Kate Ziegler returns from 2-year swimming break, by way of Alaska, Australia

Kate Ziegler
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Two-time Olympian Kate Ziegler will swim competitively this week for the first time in more than two years and, the former world-record holder said, in a refreshed, excited state for the first time in more than three years.

“I needed time away,” Ziegler said in a phone interview from her Tennessee base Tuesday, reflecting since the London 2012 Olympics, refocusing her passion for a sport that had more often than not been her identity since age 6.

She’s in a new training setting and, as will be seen at the Pro Swim Series meet in Charlotte starting Thursday, in new events.

Ziegler, now 26, is entered in the 100m, 200m and 400m freestyles. Her first event is Friday’s 200m free, the beginning of a much lighter slate than she’s used to.

Ziegler was once the world’s greatest distance swimmer, following the likes of U.S. Olympic champions Janet Evans and Brooke Bennett.

She swept the 800m and 1500m freestyles at the 2005 and 2007 World Championships, the first of those golds coming less than a month after her 17th birthday (elite distance swimmers often peak in their teens).

She also shattered Evans’ 19-year-old world record in the grueling 1500m by nearly 10 seconds in 2007 and held the mark for six years before Katie Ledecky seized it.

But in the Olympics, Ziegler did not advance to any finals over three events in 2008 and 2012. She felt burned out at Beijing 2008 and suffered from the flu after walking in the Opening Ceremony at London 2012.

It was reportedly 65 degrees at Olympic Stadium that evening, and many swimmers skip the Opening Ceremony to rest up for events that weekend, but Ziegler wasn’t due to compete for another six days.

In her only London Olympic swim, Ziegler finished eighth out of eight swimmers in her 800m freestyle heat, 15.51 seconds slower than her second-place time at the Olympic trials one month earlier.

The top eight overall made the final, won by Ledecky. Ziegler finished 21st overall, behind athletes from Argentina, Liechtenstein and Lebanon, nations with little history of swimming success. The U.S. entered 52 swimmers in the pool across 26 individual events in London. Ziegler was the only one to finish outside the top 20.

She reportedly broke down in tears in front of media following her swim, four years after a Beijing Olympic experience she called a “complete failure” that led her to believe she “wasn’t proud to tell people I was an Olympian.”

“I came into this race thinking I was going to fight and do the best I could,” she reportedly said after the London 800m free heat, “and that’s what I did.”

Ziegler spent the final days of the Olympics touring London with teammate Amanda Weir and coming back for the Closing Ceremony. It may have been her Olympic farewell.

Ziegler took six months off after the 2008 Olympics but went right back into the pool following London.

It wasn’t until after a February 2013 meet that she decided a break was necessary.

“I was not done with swimming but needing to do other things,” she said.

Ziegler visited the Anne Frank House in Amsterdam and ate lunch at the White House, but her passion for the sport was perhaps most rekindled in Alaska and Australia last year.

She helped lead swim clinics in Anchorage and Fairbanks in July and August. Another swimmer on that trip, 2012 Olympic 4x200m free relay champion Davis Tarwater, encouraged Ziegler to check out his home of Knoxville, Tenn., if she was looking to return to regular training.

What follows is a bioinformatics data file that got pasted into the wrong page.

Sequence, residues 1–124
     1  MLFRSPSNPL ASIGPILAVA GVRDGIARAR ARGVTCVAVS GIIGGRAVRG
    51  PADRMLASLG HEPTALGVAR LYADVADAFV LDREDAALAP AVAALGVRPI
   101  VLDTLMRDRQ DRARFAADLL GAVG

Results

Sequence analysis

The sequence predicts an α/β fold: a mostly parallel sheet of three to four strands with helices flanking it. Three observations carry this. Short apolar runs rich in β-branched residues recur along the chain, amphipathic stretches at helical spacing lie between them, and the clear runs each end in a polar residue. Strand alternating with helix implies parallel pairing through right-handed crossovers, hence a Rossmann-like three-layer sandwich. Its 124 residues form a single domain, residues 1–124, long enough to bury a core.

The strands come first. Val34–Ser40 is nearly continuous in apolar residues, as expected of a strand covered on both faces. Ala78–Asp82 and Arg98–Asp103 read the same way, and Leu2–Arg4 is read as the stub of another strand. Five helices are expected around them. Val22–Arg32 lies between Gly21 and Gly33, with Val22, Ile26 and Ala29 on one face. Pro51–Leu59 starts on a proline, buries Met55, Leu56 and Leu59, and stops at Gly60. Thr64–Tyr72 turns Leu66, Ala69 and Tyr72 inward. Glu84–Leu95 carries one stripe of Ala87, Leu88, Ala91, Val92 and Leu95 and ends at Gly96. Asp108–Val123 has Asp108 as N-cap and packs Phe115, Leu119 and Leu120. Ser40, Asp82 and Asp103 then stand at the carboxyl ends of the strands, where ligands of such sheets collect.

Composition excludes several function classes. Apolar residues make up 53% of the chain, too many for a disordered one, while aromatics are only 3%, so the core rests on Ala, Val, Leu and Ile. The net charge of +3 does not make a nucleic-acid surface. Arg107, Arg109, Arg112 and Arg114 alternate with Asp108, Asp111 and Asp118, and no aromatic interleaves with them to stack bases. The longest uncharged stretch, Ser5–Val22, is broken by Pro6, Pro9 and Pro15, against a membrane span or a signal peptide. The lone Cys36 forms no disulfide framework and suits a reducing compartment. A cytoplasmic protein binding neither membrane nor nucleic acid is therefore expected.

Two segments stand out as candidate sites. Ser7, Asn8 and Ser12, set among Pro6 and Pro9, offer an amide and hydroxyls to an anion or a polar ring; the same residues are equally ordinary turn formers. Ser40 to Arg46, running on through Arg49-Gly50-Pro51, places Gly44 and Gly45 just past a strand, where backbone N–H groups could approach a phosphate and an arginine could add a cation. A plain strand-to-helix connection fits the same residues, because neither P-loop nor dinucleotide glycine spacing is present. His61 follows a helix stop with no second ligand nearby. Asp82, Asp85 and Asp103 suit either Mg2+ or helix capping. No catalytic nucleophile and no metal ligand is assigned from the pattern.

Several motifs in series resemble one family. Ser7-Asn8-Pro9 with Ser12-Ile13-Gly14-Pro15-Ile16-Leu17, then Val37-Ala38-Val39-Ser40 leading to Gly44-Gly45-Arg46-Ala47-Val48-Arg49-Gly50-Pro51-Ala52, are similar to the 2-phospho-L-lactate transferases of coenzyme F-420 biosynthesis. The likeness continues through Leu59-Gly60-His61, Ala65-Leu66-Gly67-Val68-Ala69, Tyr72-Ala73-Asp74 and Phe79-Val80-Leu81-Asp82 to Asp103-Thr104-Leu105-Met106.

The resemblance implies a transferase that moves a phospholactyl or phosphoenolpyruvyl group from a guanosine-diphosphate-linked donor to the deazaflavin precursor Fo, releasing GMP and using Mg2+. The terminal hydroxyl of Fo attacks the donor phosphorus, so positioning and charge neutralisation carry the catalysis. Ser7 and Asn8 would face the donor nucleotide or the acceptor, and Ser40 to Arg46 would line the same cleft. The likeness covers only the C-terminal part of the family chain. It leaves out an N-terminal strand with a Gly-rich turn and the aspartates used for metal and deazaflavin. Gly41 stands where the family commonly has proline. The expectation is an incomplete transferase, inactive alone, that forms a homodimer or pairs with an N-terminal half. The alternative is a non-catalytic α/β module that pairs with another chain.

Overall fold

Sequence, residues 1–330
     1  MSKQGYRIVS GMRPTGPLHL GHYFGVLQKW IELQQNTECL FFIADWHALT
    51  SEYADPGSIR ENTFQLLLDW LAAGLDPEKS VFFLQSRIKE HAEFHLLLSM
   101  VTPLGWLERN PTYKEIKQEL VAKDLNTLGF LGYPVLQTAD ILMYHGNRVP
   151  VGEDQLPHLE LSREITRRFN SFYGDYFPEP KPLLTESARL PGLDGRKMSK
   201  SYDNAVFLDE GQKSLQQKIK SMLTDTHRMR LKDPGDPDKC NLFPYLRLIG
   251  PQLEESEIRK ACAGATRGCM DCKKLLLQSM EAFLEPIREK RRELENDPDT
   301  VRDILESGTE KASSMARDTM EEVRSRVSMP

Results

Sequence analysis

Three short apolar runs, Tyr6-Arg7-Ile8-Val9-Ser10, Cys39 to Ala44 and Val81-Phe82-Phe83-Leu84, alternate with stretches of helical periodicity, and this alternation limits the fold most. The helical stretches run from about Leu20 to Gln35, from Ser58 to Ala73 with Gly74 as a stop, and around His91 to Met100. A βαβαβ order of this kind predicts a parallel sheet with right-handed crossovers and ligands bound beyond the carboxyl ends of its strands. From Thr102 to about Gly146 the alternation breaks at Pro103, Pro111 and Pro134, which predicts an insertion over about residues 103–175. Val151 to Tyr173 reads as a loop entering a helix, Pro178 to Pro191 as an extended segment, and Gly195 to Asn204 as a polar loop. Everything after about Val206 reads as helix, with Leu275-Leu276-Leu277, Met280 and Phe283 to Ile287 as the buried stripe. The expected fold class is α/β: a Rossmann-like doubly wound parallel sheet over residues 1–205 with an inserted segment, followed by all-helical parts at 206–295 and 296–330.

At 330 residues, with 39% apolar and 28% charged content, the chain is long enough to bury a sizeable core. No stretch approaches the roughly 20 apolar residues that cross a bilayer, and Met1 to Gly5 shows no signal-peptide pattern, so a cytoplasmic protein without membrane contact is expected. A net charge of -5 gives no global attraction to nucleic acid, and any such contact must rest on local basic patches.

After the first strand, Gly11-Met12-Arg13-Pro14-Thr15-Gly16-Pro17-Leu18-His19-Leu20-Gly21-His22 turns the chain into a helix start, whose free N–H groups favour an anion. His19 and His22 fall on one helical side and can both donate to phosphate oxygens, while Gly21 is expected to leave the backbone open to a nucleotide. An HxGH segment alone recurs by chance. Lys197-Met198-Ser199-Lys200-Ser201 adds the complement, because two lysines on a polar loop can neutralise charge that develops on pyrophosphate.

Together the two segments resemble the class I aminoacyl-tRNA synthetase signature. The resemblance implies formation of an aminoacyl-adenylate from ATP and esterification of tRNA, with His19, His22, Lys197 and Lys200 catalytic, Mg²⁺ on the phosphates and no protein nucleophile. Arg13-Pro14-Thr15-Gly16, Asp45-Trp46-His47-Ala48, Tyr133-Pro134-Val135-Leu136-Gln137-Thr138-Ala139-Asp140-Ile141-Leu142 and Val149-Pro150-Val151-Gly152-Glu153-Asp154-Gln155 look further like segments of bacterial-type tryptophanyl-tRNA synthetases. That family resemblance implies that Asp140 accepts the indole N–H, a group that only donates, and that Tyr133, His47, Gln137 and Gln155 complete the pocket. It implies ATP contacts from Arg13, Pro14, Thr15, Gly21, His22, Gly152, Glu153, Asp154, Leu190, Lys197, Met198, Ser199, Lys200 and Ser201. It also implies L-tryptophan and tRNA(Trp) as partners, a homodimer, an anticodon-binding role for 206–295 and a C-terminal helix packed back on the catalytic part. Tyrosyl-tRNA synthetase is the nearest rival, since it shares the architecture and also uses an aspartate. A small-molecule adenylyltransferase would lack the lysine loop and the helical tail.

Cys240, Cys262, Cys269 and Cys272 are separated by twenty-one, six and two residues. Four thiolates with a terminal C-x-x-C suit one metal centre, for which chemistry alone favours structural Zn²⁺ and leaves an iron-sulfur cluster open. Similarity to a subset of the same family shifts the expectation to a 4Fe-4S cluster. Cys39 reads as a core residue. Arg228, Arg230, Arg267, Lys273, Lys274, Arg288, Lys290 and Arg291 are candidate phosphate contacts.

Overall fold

She took him up on it and toured Knoxville for the first time in September.

“Sort of like a recruiting process,” said Tarwater’s intermittent coach, the University of Tennessee head coach Matt Kredich.

Later that fall, Ziegler flew to Australia and New Zealand with her mother and coached at the International Children’s Games in New South Wales, for athletes ages 12 to 15.

During this time, she spoke regularly with her longtime coach in Virginia, Ray Benecki.

“Kate, you’ve got to do what’s best for you,” Ziegler said Benecki told her. “What brings you happiness?”

Ziegler moved to Knoxville in January. She now trains with a post-graduate group under Kredich.

She gushed about the environment, an uplifting, empowering culture.

“It’s a place that you just want to succeed at, and it fosters success,” said Ziegler, who modified her stroke to adapt to shorter events. “It’s been refreshing.”

Ziegler also noted the support of former teammates, specifically close friend Katie Hoff and Ian Crocker, whose careers included highs and Olympic lows like Ziegler.

“Two people who were really instrumental in helping me figure out my ‘why’ in the sport,” Ziegler said. “Why am I doing this? What do I want to get out of it?”

It’s all about outlook.

“The reminder for myself is that swimming distinguishes me, and it’s something I enjoy doing, but it does not define me,” Ziegler said. “I’m not defined by the successes or the failures in the sport. That was something that was very hard for me growing up. It was really my identity.”

With that mindset, Ziegler isn’t putting expectations on her return this week. Kredich said she’s improved at a higher rate over the last four weeks than any other stretch since she moved to Knoxville.

“My impression is she wants to she how good she can be,” Kredich said. “She’s in some ways starting over, and she just wants to keep progressing and keep getting better. I believe she has the Olympic trials in her crosshairs. That’s definitely on her mind.”

She might not swim the 100m freestyle in Charlotte, and she doesn’t see any 800m or 1500m frees in her future. Is her best event now the 400m, or the 200m?

“I think that’ll be answered at Charlotte,” Kredich said. “Her background says 400. The training and what she’s been working at would say the 200.”

Ziegler was reflective when pressed about a potential third Olympics.

“Would it be redemption? I don’t know,” said Ziegler, whose Twitter bio includes this line, “Take the first step in faith. You don’t have to see the whole staircase, just take the first step.”

“I look back on my Olympic experiences, and there was a lot of heartache there, but I’m really actually, as crazy as it might sound, I’m really thankful for what happened,” she said. “It taught me a lot. This time, if I make it to the Olympics again, I will be able to swim with a lot more freedom, gratitude and perspective that I think will help me to truly appreciate the experience.”